• Description: From the house, the lawns sweep down to the lake with its island. The original lake is shown on the Parish Tithe map of 1840. However, the shape of the lake on the 20th century Ordnance Survey maps shows that this was later changed into the more defined shape that exists today.
History

Detailed History

The house at Courtlands is listed Grade II and is a fine example of a large country house suitable for an estate. The original house was built in 1520 by the Ollivers, an important local family with memorials in Goring Church. In the early-20th century, Paul Schweder purchased the estate and in 1903 almost completely rebuilt the house by purchasing material from Lebanon House at Twickenham, a masterpiece by Robert Adam which had burnt down in 1909.

The remains of Lebabnon House were used to rebuild the interior of Courtlands and replicas were made for features that had been destroyed by fire. Other material was obtained from the Cordwainers Hall in London and from a building next to the Ritz Hotel in Paris. The result was a considerably enlarged and very much grander house, a full storey higher than before with large and ornate reception rooms and a fine garden with lawns sweeping down to a lake.

The original layout of the gardens in the 19th century show a Regency house with grounds laid out in the accepted style of the time. It should be noted that there is what appears to be a glasshouse immediately to the west of the house and glasshouses have remained in this part of the garden until recently. The grandson of Paul Schweder, Captain John Paul Schweder, visited in 1990 and they were still there.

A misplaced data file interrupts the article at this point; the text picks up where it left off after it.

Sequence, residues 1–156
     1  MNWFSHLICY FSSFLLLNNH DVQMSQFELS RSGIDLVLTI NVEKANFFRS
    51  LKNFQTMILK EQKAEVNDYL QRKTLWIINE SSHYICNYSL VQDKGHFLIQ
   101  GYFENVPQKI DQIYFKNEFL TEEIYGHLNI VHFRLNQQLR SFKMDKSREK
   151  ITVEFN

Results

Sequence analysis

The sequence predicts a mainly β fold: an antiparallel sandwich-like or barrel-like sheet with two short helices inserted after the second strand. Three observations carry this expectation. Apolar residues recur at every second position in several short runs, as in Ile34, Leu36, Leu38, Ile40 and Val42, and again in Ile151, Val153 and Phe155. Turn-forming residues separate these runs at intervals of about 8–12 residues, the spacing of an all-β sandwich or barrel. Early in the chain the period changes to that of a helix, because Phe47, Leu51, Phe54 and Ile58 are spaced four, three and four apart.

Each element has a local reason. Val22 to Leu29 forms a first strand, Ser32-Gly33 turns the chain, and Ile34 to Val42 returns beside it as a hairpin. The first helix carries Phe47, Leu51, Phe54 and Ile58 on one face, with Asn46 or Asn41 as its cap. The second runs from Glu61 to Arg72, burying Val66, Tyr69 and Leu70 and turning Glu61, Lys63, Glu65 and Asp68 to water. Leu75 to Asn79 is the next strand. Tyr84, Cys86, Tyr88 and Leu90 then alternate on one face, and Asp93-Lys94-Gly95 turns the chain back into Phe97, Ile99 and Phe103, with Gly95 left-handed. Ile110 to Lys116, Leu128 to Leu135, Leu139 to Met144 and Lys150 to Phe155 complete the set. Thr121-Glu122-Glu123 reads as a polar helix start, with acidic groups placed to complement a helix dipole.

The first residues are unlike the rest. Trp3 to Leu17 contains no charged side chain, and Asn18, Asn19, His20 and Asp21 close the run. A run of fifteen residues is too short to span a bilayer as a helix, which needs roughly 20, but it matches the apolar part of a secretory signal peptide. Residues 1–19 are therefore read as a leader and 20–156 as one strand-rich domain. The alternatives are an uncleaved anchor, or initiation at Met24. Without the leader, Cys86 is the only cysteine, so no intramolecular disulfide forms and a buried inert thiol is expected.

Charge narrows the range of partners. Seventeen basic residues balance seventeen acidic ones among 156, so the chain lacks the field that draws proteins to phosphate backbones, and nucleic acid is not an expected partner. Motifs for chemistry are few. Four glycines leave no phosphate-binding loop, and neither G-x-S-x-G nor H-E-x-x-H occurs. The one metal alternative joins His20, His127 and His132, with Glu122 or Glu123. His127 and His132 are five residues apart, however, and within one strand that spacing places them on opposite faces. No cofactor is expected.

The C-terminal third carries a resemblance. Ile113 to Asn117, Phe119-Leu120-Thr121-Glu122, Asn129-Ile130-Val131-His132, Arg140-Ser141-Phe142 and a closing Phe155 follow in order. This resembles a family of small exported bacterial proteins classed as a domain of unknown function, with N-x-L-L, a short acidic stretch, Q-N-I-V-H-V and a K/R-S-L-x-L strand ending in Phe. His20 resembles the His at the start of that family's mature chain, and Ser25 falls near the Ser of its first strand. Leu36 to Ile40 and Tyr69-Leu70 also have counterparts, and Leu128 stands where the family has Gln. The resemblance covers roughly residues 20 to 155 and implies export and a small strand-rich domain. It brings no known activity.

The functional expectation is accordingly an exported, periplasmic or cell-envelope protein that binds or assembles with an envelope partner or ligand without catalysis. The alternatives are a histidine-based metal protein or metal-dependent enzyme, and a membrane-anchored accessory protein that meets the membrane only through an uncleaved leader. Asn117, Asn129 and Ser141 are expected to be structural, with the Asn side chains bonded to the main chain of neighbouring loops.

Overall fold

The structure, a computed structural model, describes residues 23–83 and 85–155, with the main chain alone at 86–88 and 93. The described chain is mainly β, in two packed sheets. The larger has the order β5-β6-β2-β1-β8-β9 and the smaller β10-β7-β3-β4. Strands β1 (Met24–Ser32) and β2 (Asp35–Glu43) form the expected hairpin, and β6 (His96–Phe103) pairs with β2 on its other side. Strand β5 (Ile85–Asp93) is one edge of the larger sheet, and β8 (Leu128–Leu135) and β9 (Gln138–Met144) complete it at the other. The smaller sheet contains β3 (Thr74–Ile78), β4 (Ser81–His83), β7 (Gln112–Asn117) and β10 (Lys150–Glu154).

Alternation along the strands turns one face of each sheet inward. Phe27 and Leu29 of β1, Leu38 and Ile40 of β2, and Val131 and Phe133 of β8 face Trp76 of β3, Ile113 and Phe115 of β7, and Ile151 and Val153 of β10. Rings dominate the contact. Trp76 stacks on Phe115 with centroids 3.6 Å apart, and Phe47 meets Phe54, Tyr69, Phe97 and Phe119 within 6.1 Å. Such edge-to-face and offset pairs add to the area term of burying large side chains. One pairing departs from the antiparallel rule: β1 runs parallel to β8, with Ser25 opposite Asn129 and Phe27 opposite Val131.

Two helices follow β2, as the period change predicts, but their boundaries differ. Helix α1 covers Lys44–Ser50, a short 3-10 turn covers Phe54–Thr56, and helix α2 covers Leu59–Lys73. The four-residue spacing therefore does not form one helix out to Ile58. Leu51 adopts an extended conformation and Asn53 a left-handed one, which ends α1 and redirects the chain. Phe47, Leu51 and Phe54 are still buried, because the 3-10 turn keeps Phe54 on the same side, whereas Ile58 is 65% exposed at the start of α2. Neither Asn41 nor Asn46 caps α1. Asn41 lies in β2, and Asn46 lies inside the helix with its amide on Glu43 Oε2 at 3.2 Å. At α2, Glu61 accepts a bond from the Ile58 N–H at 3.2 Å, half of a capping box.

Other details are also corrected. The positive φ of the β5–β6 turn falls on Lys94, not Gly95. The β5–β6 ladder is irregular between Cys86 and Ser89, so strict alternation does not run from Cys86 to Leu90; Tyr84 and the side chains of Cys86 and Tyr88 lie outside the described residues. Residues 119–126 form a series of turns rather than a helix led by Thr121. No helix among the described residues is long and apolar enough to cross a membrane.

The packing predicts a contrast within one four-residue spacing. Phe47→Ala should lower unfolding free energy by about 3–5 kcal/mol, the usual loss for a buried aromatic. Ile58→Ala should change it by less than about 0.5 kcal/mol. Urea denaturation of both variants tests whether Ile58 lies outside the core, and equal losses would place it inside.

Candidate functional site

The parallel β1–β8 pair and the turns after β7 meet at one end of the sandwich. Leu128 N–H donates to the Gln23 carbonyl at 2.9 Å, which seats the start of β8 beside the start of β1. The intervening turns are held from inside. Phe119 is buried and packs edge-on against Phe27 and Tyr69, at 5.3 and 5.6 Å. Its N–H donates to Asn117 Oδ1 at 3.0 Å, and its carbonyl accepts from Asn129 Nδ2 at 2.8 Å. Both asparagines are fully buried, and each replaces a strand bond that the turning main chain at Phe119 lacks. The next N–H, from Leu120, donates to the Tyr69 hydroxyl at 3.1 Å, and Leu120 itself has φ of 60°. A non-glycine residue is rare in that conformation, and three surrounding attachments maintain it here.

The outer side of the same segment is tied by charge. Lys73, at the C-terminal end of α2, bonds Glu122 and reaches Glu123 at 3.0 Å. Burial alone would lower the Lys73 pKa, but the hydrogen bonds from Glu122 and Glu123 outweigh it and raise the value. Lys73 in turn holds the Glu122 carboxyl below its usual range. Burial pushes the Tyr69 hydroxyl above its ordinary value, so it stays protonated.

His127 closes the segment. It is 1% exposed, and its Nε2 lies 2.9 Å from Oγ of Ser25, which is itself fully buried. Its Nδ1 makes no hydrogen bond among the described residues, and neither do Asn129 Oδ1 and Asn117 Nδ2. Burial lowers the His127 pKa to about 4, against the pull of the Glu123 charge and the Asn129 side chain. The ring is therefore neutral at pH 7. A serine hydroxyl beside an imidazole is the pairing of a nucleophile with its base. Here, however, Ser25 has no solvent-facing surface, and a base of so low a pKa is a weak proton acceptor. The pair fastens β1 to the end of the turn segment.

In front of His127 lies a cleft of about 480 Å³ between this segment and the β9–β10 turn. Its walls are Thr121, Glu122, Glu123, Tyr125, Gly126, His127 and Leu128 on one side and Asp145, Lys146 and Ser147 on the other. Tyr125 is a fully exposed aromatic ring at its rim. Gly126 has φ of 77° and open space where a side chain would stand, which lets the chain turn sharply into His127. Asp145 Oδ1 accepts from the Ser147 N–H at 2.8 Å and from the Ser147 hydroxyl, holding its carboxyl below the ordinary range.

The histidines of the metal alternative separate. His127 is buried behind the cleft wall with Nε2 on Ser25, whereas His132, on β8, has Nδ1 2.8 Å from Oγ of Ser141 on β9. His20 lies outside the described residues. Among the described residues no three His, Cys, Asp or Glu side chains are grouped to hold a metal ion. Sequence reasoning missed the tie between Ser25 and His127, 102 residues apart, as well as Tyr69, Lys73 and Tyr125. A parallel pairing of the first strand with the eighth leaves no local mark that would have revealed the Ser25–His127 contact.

The walls of the formal walled garden, known as the Dutch Garden, are shown on the Parish Tithe Map of 1840 and the Ordnance Survey map of 1875. The existing brick and flint walls appear to be very much older than the gate surrounds and can be taken as forming part of the original estate. Care should be taken to protect these walls and further research carried out as to their age.

Paul Schweder died in 1936 and residential development had already taken place on the east side of the estate. The fine lime avenue was lost to residential development by this time. Various schemes were considered for the house and in 1945 the Worthing Hospital Board of Management Committee decided to purchase Courtlands to provide additional bed space and so relieve pressure on the hospital. Work on conversion took place but it was not until 1950 that patients occupied beds there. The then Princess Elizabeth visited Worthing and Courtlands in 1951. Two of Mr Schweder's sons were introduced to the Princess during her visit.

Mr Schweder's daughter was still alive and living at West Chiltington in 1960 and she confirmed some of the details in Mr Smail's book when commenting on the reported work of Mr Arthur Humphrey, a well-known mason, who had worked on the building of Courtlands. A later published photograph dated 1986 shows that the gardens were still well-maintained.

When the evidence from the photographs, which may be assumed to have been taken at the time of the publication of Henfrey Small's book in 1952, is compared with the present state of the gardens as a whole, and particularly the area around the lake and the formal walled garden, it is clear that a strategy needs to be established to bring the garden back to something of its former condition.

Associated People

Just one person associated to Courtlands

Contact

Telephone

01793 445050

Official Website

Click Here

Owners

  • Bond International Software (U K) Ltd.

References

References

Contributors

  • Sally Walker

    1

  • Sussex Gardens Trust